By Laura Prus, Staff Writer
According to a recent study, adding pistachios to your diet may help lower your risk of lung cancer. However, researchers caution that more research is still needed.
Among the most commonly consumed nuts in the United States, pistachios also are one of the best dietary sources of gamma-tocopherol, a form of vitamin E.
Results of a study aimed at discovering if these nuts have anti-cancer properties was presented in December 2009 at the American Association for Cancer Research's Frontiers in Cancer Prevention Research conference.
Conducting the study
The six-week controlled clinical trial investigated the effect of pistachio consumption on serum levels of gamma-tocopherol. It was divided into three two-week blocks, allowing for a two-week pre-intervention period and a four-week intervention period.
Involved in the study, conducted by researchers at M. D. Anderson and Texas Woman's University, were 36 healthy participants who were randomly assigned to either a normal diet or a diet consisting of 68 grams of pistachio per day. Data for each participant were recorded in a diet diary.
Results show promise
Participants in the pistachio-diet group showed a significant increase in energy-adjusted dietary intake of gamma-tocopherol at weeks three and four. At the end of the study, this group also had a significantly higher value of cholesterol-adjusted serum gamma-tocopherol compared to baseline.
Ladia Hernandez, senior research dietitian in the Department of Epidemiology and the study's first author, says this positive outcome shows promise of the anti-cancer properties of pistachios. "Because pistachios are a good source of gamma-tocopherol then eating them may help to decrease lung cancer risk," she says.
Pistachios are good for you
Although results are encouraging, Hernandez says the chemopreventative effects of pistachio consumption need further clarification. In particular, she says, the effects related to the targeted molecular pathways need to be studied.
However, she does recommend adding gamma-tocopherol to your diet. "Pistachios are one of those 'good-for-you' nuts, and 2 ounces per day could be incorporated into dietary strategies designed to reduce the risk of lung cancer without significant changes in body mass index," she says.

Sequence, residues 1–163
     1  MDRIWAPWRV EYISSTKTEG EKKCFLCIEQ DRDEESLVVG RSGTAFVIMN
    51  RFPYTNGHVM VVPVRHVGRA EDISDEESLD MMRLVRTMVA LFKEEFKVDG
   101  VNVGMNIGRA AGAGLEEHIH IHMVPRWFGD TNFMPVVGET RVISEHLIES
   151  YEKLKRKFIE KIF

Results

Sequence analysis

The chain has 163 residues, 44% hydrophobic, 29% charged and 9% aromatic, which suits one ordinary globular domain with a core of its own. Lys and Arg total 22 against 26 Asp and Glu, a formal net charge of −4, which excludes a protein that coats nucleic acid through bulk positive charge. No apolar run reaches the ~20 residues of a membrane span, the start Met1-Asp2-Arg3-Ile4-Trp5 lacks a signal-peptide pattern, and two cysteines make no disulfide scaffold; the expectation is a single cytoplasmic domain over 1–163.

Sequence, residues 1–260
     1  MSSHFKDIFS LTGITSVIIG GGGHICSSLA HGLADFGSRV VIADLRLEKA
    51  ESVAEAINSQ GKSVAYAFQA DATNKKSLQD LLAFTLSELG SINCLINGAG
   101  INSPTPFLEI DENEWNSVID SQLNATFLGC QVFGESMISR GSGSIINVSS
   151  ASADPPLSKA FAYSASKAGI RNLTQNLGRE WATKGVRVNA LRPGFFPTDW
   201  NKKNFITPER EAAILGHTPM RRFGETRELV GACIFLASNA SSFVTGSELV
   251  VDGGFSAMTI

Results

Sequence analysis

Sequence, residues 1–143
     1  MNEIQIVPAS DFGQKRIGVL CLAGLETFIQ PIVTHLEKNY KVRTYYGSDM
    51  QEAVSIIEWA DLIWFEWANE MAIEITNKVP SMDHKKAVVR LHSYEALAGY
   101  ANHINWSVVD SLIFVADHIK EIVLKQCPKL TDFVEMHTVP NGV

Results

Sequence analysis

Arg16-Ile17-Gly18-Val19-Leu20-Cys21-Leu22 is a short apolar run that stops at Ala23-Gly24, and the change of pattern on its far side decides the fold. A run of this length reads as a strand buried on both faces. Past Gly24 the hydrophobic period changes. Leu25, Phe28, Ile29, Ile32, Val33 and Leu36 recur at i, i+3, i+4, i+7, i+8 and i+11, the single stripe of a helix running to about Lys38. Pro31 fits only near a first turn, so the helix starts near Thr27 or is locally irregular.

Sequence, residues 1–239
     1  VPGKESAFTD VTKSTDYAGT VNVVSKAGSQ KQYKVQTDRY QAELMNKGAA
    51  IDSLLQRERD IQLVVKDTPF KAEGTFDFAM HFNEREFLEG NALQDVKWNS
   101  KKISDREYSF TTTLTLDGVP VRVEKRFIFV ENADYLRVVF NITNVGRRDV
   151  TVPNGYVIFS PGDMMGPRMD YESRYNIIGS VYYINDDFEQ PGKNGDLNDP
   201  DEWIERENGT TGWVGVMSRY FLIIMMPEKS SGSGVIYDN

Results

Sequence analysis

She also states that foods such as peanuts, pecans, walnuts, soybean and corn oils are rich sources of gamma-tocopherol and could prove beneficial for your health as well.
M. D. Anderson resources:
Department of Clinical Nutrition
Energy Value of Macronutrients From Pistachio Nuts and Mechanisms of Nutrient Action (National Cancer Institute)
Pistachios May Reduce Lung Cancer Risk (AACR)
Pistachios May Reduce the Risk of Lung Cancer
By Laura Prus, Staff Writer
Connect on social media
- First scalp and skull transplant completed simultaneously with kidney and pancreas transplant
- Coping during gamma knife surgery
- My meningioma surgery: Appreciating the gift of sight
- 5 ways our social work counselors can help during cancer treatment
- Celebrate yourself during Survivorship Week
- Coping and hoping during pancreatic cancer treatment
- 'We had life and it was beautiful'
- What I'll miss after melanoma treatment
- E-cigarette legislation offers new promise for Texas youth
- 6 ways to help a cancer patient when you're far away
- Cancer Prevention (147)
- Cancer Research (162)
- Education (70)
- Patient Care (368)
- Global Navigation
- About Us
- How You Can Help
- Children's Art Project
- Contact Us
- Patient and Cancer Information
- Cancer Information
- Patient Information
- Care Centers & Clinics
- Children’s Cancer Hospital
- Services & Amenities
- Clinical Trials
- News and Publications
- Education and Research
- Departments, Programs & Labs
- Research at MD Anderson
- Education & Training
- Resources for Professionals
- For Employees
- Employee Resources
- Doing Business
- Vendors & Suppliers
- Strategic Industry Ventures
- State of Texas
- State of Texas Home Page
- Statewide Search (TRAIL)
- State Comptroller - Where the Money Goes
- Texas Homeland Security
- The University of Texas System
- Institution Resume
- Legal and Policy
- Legal Statements & Site Policies